Wednesday, May 25, 2011

Tempe Police "Party Patrol" Brutalize ASU Golfer, Harass His Friends on Facebook, According to Lawsuit

Next time you're partying at Arizona State University, consider Noah Frochtzwajg, ASU student and aspiring golfer.

He was enjoying the company of friends at 2 a.m. on Sunday August 29, 2010, when the Tempe Police came knocking at his apartment.

Frochtzwaig saw two officers and opened the door to let them in. Once he opened the door they stormed the room with three more officers and knocked him to the ground.

From there, they handcuffed him, forced his friends to leave "one by one," and laughed at him, according to a lawsuit filed in federal court against the Tempe Police Department yesterday.

After 30 minutes, the police officers uncuffed Frochtzwaig and released him without pressing charges. Frochtzwaig addressed a complaint to Tempe PD's Internal Affairs office -- but then the sergeant in charge of the investigation started harassing his friends on Facebook with "personal and embarrassing questions."

The complaint further alleges that Tempe Police employs a squad of police officers known as the "Party Patrol" whose job is to go around shutting down parties.

But, the complaint alleges, their job isn't "simply [to] disrupt parties whose noise, etc., exceeded legal boundaries, or where underaged drinking had been established."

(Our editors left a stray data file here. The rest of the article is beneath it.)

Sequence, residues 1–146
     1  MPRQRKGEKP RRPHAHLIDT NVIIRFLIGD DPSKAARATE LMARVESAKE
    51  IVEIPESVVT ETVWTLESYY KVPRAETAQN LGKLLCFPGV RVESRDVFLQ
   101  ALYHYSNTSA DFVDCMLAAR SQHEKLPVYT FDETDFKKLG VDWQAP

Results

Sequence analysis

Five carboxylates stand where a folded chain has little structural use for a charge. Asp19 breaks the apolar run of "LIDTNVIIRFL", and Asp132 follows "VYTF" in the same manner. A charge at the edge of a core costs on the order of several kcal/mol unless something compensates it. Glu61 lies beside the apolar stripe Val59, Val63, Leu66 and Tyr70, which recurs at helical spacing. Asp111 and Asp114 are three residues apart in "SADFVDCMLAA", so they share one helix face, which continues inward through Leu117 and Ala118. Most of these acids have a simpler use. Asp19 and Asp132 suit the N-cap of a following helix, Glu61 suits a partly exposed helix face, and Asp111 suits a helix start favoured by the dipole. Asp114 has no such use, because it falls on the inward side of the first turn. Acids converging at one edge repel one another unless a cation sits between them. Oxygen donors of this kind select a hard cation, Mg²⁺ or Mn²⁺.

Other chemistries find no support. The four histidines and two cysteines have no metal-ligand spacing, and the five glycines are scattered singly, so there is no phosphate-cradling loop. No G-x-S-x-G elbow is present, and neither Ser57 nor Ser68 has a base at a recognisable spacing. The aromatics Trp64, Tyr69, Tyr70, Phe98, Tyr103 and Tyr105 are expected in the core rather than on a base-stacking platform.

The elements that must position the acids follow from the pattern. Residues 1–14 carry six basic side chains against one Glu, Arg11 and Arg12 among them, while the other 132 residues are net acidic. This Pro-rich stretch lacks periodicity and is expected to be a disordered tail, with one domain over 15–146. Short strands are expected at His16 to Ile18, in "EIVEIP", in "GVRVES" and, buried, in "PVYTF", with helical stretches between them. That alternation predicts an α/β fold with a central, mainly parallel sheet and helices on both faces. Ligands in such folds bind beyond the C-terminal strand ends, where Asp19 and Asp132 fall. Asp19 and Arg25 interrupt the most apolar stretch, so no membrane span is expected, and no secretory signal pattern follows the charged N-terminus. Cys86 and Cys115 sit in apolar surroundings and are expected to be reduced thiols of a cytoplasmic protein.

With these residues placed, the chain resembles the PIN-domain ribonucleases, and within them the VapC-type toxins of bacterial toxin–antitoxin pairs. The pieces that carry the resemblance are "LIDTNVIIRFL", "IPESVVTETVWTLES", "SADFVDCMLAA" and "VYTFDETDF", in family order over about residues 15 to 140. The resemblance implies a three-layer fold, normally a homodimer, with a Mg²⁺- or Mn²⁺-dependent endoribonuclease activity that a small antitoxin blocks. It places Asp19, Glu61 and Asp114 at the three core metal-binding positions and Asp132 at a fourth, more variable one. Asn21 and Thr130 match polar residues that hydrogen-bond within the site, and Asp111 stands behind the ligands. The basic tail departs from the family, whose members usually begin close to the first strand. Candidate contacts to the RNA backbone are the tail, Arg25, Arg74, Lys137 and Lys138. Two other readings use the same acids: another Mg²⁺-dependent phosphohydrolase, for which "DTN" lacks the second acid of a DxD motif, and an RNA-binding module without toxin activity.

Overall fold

It's to "raid any student social gathering."

The complaint calls the police's actions "heavy handed and needlessly forceful," claims numerous abrasions and injuries to Frochtzwajg's body, and damage to his golf career.

He was going to attend the PGA's qualifying school last year when this incident occurred, causing harm to his career, according to the complaint.

"Golf was Mr. Frochtzwajg's first love, and the injuries have caused significant loss of enjoyment of life," it reads.

The complaint alleges nine counts, including unlawful civil rights violations, assault, battery, and wrongful imprisonment. It seeks unspecified amounts in damages.

Tempe Police Department Sergeant Steve Carbajal declined to discuss the pending litigation, per department rules.

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